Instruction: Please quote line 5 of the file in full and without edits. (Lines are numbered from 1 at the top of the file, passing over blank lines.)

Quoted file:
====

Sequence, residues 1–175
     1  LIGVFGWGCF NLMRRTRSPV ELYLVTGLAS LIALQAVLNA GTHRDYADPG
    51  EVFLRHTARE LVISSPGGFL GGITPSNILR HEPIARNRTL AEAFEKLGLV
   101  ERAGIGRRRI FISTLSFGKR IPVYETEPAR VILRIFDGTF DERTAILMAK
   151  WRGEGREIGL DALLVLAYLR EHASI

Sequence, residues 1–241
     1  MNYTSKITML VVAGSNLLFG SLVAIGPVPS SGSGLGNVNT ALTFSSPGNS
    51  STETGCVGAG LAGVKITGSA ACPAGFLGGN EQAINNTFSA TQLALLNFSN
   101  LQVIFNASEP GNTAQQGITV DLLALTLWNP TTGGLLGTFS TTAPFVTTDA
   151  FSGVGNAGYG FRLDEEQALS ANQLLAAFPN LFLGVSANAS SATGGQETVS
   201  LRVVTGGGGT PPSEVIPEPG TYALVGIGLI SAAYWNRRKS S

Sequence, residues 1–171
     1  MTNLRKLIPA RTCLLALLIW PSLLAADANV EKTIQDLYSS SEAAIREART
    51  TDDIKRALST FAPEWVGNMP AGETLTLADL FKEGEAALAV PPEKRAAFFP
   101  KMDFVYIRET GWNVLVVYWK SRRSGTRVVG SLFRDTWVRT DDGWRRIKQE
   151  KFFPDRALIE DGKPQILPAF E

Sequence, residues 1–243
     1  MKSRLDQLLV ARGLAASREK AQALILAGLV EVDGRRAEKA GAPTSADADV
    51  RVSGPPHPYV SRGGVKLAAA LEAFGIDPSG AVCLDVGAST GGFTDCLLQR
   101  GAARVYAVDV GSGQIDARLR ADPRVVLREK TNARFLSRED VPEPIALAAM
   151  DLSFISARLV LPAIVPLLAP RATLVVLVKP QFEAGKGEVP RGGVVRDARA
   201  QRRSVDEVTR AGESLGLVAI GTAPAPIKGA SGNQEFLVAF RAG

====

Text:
   151  WRGEGREIGL DALLVLAYLR EHASI